Hi, my name is Nigel Barnett. I am an undergraduate student at MIT in the class of 2025 studying aerospace engineering. I am currently on the MIT Rocket Team and work as an undergraduate researcher for the MIT Space Propulsion Lab. I enjoy designing, building, and taking things apart to understand the real-life aspects of engineering.View Resume Contact Me
I wanted to build a fun and functional device, and thanks to ProjX funding, I had a $500 budget. This budget was perfect for building this pair (or two pairs?) of night vision goggles which I had been interested in making. Besides the cool factor, I thought they might help me traverse a dark room after my roommates go to sleep.
The light from the display passes through a biconvex lens. The lens corrects the picture, so the screen is clear, which is vital because the screen is too close to your eye for it to focus easily. This adjustment helps prevent eye strain caused by your eyes constantly trying to focus on the screens.
I built during IAP 2023 through the D-Lab class EC.S02. It's a single-speed road bike with an emphasis on modularity. While the bike was only supposed to take a few days of work to complete, I added lots of details and tweaks to the class design that made the project more fun but also more complex to complete. The steps I took in roughly chronological order are the following:
Thirteen steps doesn't sound so bad for such a good end product, but in reality, there are actually three to ten sub-steps to each step.
Overall, I'm pleased with how Tangerine turned out. There are a few bad welds and already some nicks in the paint, but I did an excellent job for my first bike. The riding feeling is also fairly smooth, but my perception may be somewhat skewed since I haven't ridden a bike seriously in a while. As for the basket, I've made a design but have yet to finish it since I already have a back rack that is sufficient to hold my backpack or my groceries.
I'm excited to ride Tangerine more and all the places we'll go to in the future.
1.44 mi (2.32 km)
I had a better start compared to the tricycle. Based on how difficult it was to make the tricycle work, I started by refurbishing and revitalizing an older vehicle of MITERS instead of designing one from scratch. The scooter was owned by previous MITERS member and president Mason Massie. By some means, the old battery combusted while inside the scooter body. Thankfully, the battery compartment of the scooter's steel frame was the only part horrifically charred and gross. So after cleaning out the internals and removing some external rust with a wire brush and flap sander, I had a scooter frame with handlebars, wheels, and motor already mounted.
to make the scooter run again was to build a new battery. Taking what I learned from the first pack I made for the tricycle, I made a frame out of a laser-cut acrylic sheet to support the battery cells better. While this wasn't as good as an off-the-shelf solution and still required some structural hot glue for rigidity, this pack felt more solid than the first. I used the N51 spot welder instead of a handheld unit to attach the same lithium-iron phosphate batteries in a ten series and four parallel (12S4P) configuration. After I attached the battery management system (BMS) to the pack, I was done (or so I thought). After finishing the battery pack, I painted the frame for rust protection and, most importantly, aesthetics in my favorite color: orange.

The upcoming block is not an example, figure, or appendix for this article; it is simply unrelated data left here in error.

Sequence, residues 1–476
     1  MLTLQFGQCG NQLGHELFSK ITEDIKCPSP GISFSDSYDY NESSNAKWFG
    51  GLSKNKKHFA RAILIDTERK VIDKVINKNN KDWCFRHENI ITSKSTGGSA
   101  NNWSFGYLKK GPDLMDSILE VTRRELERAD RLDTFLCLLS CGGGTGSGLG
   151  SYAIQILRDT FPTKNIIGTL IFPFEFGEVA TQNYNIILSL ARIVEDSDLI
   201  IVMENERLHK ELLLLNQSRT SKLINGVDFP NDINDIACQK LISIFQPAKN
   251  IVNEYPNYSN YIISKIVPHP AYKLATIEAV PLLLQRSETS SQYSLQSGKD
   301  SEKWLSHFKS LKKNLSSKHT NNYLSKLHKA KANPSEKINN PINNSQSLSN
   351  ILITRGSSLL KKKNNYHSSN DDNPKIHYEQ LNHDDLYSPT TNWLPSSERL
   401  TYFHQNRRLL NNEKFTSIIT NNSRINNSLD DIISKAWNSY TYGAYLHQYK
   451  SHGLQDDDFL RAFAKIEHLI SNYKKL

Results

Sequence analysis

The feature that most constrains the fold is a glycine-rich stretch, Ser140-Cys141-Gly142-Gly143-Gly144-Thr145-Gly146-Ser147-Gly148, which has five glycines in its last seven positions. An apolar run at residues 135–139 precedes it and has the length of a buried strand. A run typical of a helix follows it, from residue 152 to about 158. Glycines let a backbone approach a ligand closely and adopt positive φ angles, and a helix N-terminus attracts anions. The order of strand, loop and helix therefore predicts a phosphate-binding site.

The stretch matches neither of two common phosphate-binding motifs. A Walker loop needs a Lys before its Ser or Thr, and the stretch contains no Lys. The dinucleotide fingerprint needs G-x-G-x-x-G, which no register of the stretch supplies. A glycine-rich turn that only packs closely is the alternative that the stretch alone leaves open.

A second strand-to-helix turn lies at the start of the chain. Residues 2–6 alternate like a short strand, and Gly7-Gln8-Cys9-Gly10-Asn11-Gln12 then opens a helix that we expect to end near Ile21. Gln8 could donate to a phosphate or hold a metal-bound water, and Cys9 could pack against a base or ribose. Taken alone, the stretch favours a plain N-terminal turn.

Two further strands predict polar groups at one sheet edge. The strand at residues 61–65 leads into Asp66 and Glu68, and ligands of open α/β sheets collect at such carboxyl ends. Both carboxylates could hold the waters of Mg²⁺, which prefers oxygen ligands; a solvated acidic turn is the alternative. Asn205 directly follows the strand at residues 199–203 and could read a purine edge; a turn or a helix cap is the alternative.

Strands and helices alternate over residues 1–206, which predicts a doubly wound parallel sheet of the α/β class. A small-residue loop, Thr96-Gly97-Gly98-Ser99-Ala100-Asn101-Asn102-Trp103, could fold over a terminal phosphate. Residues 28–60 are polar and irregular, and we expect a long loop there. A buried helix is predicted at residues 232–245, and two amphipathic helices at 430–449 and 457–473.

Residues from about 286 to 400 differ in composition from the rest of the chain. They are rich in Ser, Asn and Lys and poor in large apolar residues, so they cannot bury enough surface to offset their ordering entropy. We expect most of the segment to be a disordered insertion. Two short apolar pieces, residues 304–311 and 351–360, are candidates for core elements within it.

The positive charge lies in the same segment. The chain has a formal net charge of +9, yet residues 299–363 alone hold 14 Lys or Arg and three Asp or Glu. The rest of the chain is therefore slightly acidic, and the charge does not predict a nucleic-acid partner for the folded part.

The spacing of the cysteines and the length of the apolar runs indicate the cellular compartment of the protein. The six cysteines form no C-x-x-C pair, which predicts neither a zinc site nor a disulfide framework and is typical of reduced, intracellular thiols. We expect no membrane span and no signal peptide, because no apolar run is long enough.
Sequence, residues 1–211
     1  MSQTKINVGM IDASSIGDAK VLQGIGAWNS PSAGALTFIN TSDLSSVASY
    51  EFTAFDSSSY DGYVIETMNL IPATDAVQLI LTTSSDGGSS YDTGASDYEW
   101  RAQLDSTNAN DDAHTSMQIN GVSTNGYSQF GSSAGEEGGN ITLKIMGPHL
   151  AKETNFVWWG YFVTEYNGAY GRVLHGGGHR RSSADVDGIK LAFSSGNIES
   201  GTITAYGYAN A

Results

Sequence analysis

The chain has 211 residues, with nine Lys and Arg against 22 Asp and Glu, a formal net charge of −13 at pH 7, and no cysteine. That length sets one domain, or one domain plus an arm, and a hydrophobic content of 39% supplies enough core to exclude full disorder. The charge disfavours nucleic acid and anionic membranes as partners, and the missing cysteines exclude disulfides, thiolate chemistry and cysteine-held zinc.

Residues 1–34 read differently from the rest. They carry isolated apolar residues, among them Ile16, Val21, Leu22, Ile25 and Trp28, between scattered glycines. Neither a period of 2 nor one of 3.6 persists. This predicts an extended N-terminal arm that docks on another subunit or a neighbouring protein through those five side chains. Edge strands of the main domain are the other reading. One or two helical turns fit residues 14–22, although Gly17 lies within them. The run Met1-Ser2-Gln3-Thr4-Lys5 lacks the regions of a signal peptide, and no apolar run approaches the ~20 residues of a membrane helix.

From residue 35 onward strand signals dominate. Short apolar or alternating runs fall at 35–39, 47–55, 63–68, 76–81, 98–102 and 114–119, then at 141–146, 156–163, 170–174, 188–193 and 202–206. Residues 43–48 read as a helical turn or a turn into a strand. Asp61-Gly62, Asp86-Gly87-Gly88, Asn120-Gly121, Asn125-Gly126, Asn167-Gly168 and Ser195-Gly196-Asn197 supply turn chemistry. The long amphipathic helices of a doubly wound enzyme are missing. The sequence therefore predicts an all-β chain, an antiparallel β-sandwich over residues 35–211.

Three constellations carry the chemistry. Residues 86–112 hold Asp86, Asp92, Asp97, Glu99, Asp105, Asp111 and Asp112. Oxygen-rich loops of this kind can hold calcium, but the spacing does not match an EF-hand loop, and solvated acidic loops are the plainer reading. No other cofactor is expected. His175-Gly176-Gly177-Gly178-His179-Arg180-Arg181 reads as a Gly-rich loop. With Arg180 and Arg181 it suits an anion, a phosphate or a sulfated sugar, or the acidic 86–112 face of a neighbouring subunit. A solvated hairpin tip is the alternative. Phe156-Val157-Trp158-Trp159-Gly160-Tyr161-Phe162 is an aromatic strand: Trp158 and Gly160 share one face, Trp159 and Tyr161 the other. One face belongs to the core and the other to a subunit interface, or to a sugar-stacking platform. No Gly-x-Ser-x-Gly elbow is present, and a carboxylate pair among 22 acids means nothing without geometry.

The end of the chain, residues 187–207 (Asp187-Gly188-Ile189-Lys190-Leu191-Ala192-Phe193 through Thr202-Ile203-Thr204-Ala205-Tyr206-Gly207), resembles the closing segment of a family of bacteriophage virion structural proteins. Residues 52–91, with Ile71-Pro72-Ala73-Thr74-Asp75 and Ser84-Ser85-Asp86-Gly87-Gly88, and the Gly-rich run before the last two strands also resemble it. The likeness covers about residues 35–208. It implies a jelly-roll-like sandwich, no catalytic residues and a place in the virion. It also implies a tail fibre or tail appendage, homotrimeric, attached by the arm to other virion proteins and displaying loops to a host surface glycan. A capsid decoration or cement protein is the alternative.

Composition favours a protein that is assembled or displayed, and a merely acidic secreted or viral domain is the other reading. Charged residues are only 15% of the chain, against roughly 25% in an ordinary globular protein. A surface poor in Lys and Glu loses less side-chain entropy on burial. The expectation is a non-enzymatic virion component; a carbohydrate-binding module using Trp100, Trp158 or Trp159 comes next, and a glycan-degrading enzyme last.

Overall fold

set by my tricycle project, problems started at the halfway-ish point of my scooter refurbishment. It turned out that sitting on a rack for the entirety of quarantine (and probably longer) wasn't great for the cheap scooter tires on the frame, so I had to replace the rear tire. After that, which you can see in photo six, the battery was somehow TOO BIG. I figured out that the added spacing from the battery frame and wiring made the pack too large. For the record, I had fit-checked the four cells beforehand. I was somewhat at my wit's end between the difficulties I had making the battery pack and all the other school things going on, so I took a hiatus from the project.
(or hacksaw job, haha) solution to the problem was to cut off a row of series cells, making the pack 10S and 3P. While lopping off ten cells reduced the capacity, the pack now fit into the battery compartment, and I could ride the scooter for the first time. While I could travel to the edges of campus comfortably, I constantly had to charge the battery with a modified off-the-shelf wall charger to ensure I wouldn't have to walk back. Because of this, I decided to make a new battery pack.
Joseph, another MITERS member, generously gifted me three UPS battery modules he had crufted. These modules contained four bundles of four 18650 battery cells, meaning I had 48 18650 batteries to work with. Well, it was actually only 40 because I screwed up two cell packs when I salvaged the batteries. So I now had a 40-cell, 10S 4P battery pack which was smaller and theoretically higher capacity than my previous battery pack. I spot-welded the battery before leaving for summer 2022 but did not attach a BMS.
I came back in the fall of 2022 to complete the battery pack and make the scooter functional again. I tested the battery to make sure it was okay after sitting around all summer, and to my dismay, one of the rows of cells was almost 2 volts lower than the rest. This meant that there was some problem with the battery pack. After slowly charging the row to balance the battery pack manually, I tried charging the battery from a bench power supply. Immediately after I turned on the power supply, the nickel strips connecting the cells turned red hot, meaning something was seriously wrong with my pack.
pending the disassembly of the battery, which would be difficult to do without damaging the battery or buying new cells.